100%

Scanned image of the page. Keyboard directions: use + to zoom in, - to zoom out, arrow keys to pan inside the viewer.

Page Options

Download this Issue

Share

Something wrong?

Something wrong with this page? Report problem.

Rights / Permissions

This collection, digitized in collaboration with the Michigan Daily and the Board for Student Publications, contains materials that are protected by copyright law. Access to these materials is provided for non-profit educational and research purposes. If you use an item from this collection, it is your responsibility to consider the work's copyright status and obtain any required permission.

March 01, 1919 - Image 4

Resource type:
Text
Publication:
The Michigan Daily, 1919-03-01

Disclaimer: Computer generated plain text may have errors. Read more about this.

THE MICHIGAN DAILY

r 7

Use the Daily to reach the students.
ur thousand students read it every
rning.-Adv.

Sedate Senioress

* * * * * * * * * * * * *

Wm. Goodyear Co.

OrderYour Robes
Men must come and men must go,
but time goes on forever. Which is
but a trite and gentle way of attract-I
ing the attention of these must-be se-
niors who would be freshmen. For not
so very much longer may the rueful,
individual labeled 1919 linger over the

*
_*

AT THE THEATERS

s
*
s
*

CERCLE FRANCAIS
TO GIVE MUSICALE

TODAY

;
"
.,M
,
¢ o
o m
i , t ,
'd °
A f
M

idea of hiding his blue toque and
adopting a gray one just for the pure
sport of staying on the old stamping
ground through another decade of
football, Vain are the sighs of the
sedate senioressi who would exchange
her bone-rimmed glances of intelli-
gence for that baby freshman stare
and another quartette of J-hops. For
lest the thrills of watching "the good
old days" come prancing back on to
the campus, tempt the last lappers
to bury their sense of age and dig-
nity, a little message has issued out
of time and tradition which is definite-
ly suggestive of the not-too-distant
Swing-out.
On April 2 women of the senior
class will be initiated into the be-
ginning of the end through the mys-
teries of the junior -girls' play. They
will attend, as usual, in a body; like-
wise, as usual, in caps and gowns. In
order to secure this-for once-be-
coming and unwelcome garb of distinc-
tion by the required date, it is essen-
tial that arrangements be made im-
mediately.' Orders for the caps and
gowns will be taken today and Mon-
day at Mack's store.
DRAGON FLY EXPJERT BRINGS
NEW SPECIMENS FOR MUSEUM

*
*
*
*
*
*
*
*
*
*
*
*
*
*
*
*
*

r

Arcade - Constance Talmadge
in "Mrs. Leffingwell'sBoots."
Wuerth-William Desmond in
"Life's a Funny Proposition."

*
*
*
*
4.

Majestic-Billie Burke
Make-Believe Wife."

in "The *
*

Orpheum-Ruth Clifford in "The *
Game's Up." *
Shubert - Garrick, Detroit--All *
Week-"A Thousand Eyes." *

Detroit Opera House On-the-
Campus-All Week-"See You
Later."

*
*
*
*

a =x
'* * 4

I * * * *s * * 1* * *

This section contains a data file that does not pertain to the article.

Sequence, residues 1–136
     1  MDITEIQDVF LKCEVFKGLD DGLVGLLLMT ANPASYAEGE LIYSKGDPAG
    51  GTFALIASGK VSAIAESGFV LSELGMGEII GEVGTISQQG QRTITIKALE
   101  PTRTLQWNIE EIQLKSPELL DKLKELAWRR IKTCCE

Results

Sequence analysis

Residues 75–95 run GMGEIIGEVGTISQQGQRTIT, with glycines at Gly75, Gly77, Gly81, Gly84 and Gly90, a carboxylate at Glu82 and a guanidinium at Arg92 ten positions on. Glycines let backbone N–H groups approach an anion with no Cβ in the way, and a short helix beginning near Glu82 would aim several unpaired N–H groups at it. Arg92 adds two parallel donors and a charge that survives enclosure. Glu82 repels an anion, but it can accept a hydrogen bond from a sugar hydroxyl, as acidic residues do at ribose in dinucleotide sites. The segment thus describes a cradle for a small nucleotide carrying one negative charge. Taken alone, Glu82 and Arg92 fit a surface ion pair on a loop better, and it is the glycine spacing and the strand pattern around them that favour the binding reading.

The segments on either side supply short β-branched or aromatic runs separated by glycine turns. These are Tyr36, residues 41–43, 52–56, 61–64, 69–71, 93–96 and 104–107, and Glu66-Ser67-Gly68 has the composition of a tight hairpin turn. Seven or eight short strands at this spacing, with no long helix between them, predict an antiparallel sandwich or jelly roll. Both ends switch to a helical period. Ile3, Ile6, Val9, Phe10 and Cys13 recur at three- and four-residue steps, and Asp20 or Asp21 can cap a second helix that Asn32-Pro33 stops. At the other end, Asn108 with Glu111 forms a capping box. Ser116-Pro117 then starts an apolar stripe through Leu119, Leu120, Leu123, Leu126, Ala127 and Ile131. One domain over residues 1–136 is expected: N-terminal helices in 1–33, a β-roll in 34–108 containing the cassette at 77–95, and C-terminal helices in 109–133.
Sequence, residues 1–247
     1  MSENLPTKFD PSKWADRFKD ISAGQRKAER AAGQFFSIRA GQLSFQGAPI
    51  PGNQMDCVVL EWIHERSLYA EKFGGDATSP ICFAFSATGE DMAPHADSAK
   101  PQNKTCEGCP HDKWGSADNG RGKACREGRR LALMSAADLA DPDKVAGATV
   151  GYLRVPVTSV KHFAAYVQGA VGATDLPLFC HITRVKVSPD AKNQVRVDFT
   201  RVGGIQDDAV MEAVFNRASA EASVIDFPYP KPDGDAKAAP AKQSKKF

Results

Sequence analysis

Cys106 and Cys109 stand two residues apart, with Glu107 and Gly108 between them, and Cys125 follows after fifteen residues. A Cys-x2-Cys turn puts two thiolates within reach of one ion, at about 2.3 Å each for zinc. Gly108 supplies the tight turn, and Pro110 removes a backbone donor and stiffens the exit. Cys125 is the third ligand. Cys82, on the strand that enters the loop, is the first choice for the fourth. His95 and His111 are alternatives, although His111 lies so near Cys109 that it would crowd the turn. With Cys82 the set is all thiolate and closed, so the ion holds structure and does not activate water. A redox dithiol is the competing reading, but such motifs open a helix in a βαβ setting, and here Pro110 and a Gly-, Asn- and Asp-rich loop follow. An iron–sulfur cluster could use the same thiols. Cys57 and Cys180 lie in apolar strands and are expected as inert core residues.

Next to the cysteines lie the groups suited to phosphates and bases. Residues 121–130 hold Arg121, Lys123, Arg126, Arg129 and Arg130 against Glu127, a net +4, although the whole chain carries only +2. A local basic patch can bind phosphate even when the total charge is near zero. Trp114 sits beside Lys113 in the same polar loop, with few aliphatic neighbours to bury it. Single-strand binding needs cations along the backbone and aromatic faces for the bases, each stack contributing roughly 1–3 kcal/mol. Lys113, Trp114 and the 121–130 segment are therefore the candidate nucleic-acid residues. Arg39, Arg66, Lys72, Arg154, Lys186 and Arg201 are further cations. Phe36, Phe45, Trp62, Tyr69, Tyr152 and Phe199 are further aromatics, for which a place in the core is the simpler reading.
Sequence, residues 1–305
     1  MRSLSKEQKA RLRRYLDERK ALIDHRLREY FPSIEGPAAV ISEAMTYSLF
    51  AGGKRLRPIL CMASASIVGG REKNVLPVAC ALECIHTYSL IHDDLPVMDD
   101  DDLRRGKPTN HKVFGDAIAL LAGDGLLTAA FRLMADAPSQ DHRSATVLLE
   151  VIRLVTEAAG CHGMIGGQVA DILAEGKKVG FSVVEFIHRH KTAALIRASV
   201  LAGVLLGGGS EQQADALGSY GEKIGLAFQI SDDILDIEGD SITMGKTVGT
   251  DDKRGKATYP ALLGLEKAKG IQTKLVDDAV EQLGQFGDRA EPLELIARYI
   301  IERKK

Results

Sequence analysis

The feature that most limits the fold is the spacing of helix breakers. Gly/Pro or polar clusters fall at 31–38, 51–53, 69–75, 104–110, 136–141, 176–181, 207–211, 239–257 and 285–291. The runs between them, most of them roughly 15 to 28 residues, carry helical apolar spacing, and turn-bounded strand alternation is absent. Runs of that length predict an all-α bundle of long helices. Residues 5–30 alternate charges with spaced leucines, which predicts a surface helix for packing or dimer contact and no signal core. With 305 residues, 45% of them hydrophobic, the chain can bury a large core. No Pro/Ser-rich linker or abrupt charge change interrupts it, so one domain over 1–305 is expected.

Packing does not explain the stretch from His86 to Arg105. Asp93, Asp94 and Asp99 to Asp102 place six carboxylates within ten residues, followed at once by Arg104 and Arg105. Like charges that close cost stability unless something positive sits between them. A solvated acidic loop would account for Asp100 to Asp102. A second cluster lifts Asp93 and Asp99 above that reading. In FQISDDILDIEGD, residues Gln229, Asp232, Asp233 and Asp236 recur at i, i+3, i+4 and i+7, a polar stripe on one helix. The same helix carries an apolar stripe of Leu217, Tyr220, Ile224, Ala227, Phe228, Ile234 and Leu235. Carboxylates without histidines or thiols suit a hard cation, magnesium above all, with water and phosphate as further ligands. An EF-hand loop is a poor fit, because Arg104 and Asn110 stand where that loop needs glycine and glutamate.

AT THE MAJESTIC

Spring Suit

Billie Burke will be seen in the
"Make-Believe Wife" for the last
times today at the Majestic theater.
This has been one of Miss Burke's
most successful pictures. It has a
strong humorous vein running through
the plot, and Miss Burke excells in
this type of production. The plot con-
cerns a young couple who are lost in
the woods and who are obliged to re-
main there over night. To satisfy the
convention, they marry. The situa-
tions in which this ill-assorted couple
find themselves, form.the main strain
of the story.
Wallace Reid in "The Dub" will be
seen at the Majestic Sunday and Mon-
day.

Cercle Francais will hold its annual
musicale and dance at 8 o'clock Satur-
day evening in Sarah Caswell Angell
hail. The musical program, which
will last an hour, is to be held in the
auditorium, after which there will be
dancing in the reception rooms.
Both musicale and dance are free to
members and associate members. The
party is, however, open to the public,
the admission being 25 cents.
The musical program will be as fol-
lows: "Meditations," Massent, by Neva
M. Nelson, '21; "L'Amour s'eveille,"
Danglaff, by Harriet Whitworth, with
Hester Reed, 19, accompanying; and.
"Solo de Flute," by Alfred O. Bee,
with Charles P. Wagner, accompany-
ing.
DEANS OF WOMEN
HOLD CONVENTION
High schools, small colleges, secta-
rian instittutions, and normal train-
ing schools were represented at the
convention of deans of women, held
Feb. 24, 25, and 26, at Northwestern.
Michigan was represented by Dean
Myra B. Jordan.
Registration totalled 135, showing'
an increase in attendance of 12 since
the first coinvention held in 1902 in
Chicago, at which seven universities
were represented. Dean Jordan- was
one of the two women present at
both the first and the last conven-
tions. liichigan is ristinguished as
having produced the first dean of
women. Alice Freeman Palmer, '86,
dean of the women of Chicago uni-
versity.
Self government, preventive health
measures, vocational training and the
readjustment of women to conditions
after the war, were oiscussed at the
convention.
All students in the University of
Illinois are to be examined with men-
tal tests which were used in the
army. Fifty minutes is the time re-
quired to give to each.
ATTENTION, STUDENTS! Why
throw hash? Your board and room
paid by 10 hours work per week.' Give
phone. Address OPPORTUNITY, care
.of the Daily.-Adv.
II WU R TH IIIr-

FIRST ORCHESTRA
CONCERT SUNDAY
Delibes' sparkling Ballet Suite, "La
Source," will be played by the Uni-
versity Symphony orchestra in its first
concert of the season at 3 o'clock Sun-
day afternoon in Hillaauditorium.
The personnel of the orchestra con-
sists of University students, faculty
members, townspeople, and University
School of Music students with the sin-
gle exception of a bass player engag-
ed from Detroit. The orchestra is one
of the popular educational factors of
the city. It gives not only training